Attorney General Dana Nessel is sweeping across the state to meet and engage with Michigan citizens. Nessel was sworn in as Michigan’s 54th attorney general on Jan. 1, 2019, and will be up for reelection in 2022.
Nessel’s campaign took her all the way to Marquette on Tuesday, Nov. 9, where community members gathered in the Northern Center to listen to her speak of her previous and current accomplishments, as well as ask her questions regarding her upcoming political plans.
Many people do not have jobs due to factors such as transportation, childcare, health issues, substance abuse or nonviolent criminal charges. Nessel described Jobs Court, a program to aid people in the problems that prevent them from working. Marquette is going to be the first county in the state that Jobs Court is implemented in.
“Let me tell you how excited I am about Jobs Court, which is … this novel new approach to two things. One, criminal justice reform, and two, the labor shortage that we have right now,” Nessel said. “What I knew to be the case is that for a lot of people, the reason why they turned to crimes is they just do not have opportunities out there. And for some of these folks, if they could get a job, they would.”
Reforming the criminal justice system is an important focus of the attorney general, and Nessel is addressing this through a statewide conviction integrity unit. This unit exonerates those who were charged for crimes and then found innocent and allows for the expungement of criminal records.
Nessel said her office “hired people who do nothing but … go around the state and we help people to get expungements so that they can get a clean slate and a new fresh ability to take whatever life brings them.”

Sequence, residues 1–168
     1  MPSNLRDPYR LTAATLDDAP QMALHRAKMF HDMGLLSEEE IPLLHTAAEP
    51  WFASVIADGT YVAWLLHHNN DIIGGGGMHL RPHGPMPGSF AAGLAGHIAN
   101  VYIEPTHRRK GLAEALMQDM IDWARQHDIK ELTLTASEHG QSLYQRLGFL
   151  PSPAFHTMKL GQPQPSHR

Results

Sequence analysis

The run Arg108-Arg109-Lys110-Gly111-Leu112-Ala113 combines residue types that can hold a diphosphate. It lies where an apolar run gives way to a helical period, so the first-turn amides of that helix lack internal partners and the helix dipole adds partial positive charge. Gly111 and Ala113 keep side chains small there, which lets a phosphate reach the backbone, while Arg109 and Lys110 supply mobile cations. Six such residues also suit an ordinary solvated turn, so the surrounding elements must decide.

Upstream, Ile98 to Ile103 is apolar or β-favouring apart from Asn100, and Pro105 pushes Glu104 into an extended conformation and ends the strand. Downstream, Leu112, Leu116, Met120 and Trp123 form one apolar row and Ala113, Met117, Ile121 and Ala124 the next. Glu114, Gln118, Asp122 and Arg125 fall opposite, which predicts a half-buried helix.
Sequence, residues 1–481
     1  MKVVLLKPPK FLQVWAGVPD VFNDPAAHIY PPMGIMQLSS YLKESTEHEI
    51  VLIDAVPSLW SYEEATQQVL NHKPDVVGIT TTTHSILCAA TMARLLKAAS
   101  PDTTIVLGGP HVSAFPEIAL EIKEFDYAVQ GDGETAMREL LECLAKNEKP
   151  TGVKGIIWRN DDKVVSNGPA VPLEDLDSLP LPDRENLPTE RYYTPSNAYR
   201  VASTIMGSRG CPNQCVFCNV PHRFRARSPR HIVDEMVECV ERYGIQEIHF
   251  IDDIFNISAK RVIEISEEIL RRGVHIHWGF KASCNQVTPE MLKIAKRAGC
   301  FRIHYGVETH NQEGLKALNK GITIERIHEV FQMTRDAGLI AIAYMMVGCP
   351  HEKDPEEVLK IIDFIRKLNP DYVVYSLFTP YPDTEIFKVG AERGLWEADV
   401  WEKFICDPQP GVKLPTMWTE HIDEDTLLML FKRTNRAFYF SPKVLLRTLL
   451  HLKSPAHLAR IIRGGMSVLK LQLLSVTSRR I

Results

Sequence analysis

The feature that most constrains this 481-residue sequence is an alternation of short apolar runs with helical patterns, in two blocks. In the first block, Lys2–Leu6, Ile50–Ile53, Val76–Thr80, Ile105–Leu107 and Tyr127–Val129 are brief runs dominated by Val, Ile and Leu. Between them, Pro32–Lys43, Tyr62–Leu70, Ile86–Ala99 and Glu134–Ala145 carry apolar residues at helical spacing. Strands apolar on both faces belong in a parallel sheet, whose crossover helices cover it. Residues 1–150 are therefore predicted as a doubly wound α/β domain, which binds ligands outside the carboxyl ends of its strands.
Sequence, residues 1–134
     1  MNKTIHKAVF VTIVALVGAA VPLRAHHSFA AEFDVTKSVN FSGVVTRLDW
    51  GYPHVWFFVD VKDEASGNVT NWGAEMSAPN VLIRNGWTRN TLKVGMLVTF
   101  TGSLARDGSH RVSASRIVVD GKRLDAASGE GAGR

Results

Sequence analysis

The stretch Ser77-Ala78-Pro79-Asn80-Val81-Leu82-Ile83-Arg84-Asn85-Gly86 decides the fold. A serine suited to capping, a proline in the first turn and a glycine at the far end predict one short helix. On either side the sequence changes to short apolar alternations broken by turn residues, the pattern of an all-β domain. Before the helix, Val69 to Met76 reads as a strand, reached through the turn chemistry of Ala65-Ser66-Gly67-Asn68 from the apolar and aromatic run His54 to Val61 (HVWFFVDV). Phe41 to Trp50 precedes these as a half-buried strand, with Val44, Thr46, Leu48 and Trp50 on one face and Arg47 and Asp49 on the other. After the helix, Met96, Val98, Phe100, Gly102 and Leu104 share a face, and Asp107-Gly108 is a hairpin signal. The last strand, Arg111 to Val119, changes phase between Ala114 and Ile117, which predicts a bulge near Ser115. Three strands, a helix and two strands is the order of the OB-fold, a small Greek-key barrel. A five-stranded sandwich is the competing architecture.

One of Nessel’s notable actions during her first term as the state’s chief law enforcement officer was launching Michigan’s Elder Abuse Taskforce. Many of her supporters came to connect with her at this event.
“I’m vice chairman of the Iron County, Wisconsin Democratic Party, and I’m an elder law attorney,” Paul Strugul said. “So I work with the elderly and I’m very concerned about Medicaid, Medicare, elder abuse, and I know that the attorney general has been a real champion of the rights of the elderly, so I wanted to show up and show my support for her.”
Another important issue that falls on the attorney general’s lap is the state’s environmental protection. In 2020, Nessel filed a lawsuit to decommission Enbridge Line 5 on behalf of the governor and the Department of Natural Resources. Enbridge removed the case from state court into federal court where it has been stuck since.
“We still believe that the state of Michigan should be able to say and be able to govern where dangerous pipelines are laid and that they don’t belong in a place like the Straits of Mackinac, which is obviously such a precarious area for it to exist. So we remain fighting,” Nessel said.
At the beginning of her term, Nessel noticed that environmental criminal violations were not being prosecuted and she wanted to change that. Many of these environmental violations are taken to court at the federal level.
“We fought very hard and what people don’t know is I mean, we sued the Trump administration dozens and dozens of times. We won over 80% of the time.”
These issues are becoming more important to the Michigan government, Nessel said the governor created a task force specifically focused on how climate-related issues and ecological and environmental issues impact marginalized communities.
Nessel is running for reelection in 2022 with a platform focused on advocacy, fresh starts and sustaining the Michigan environment.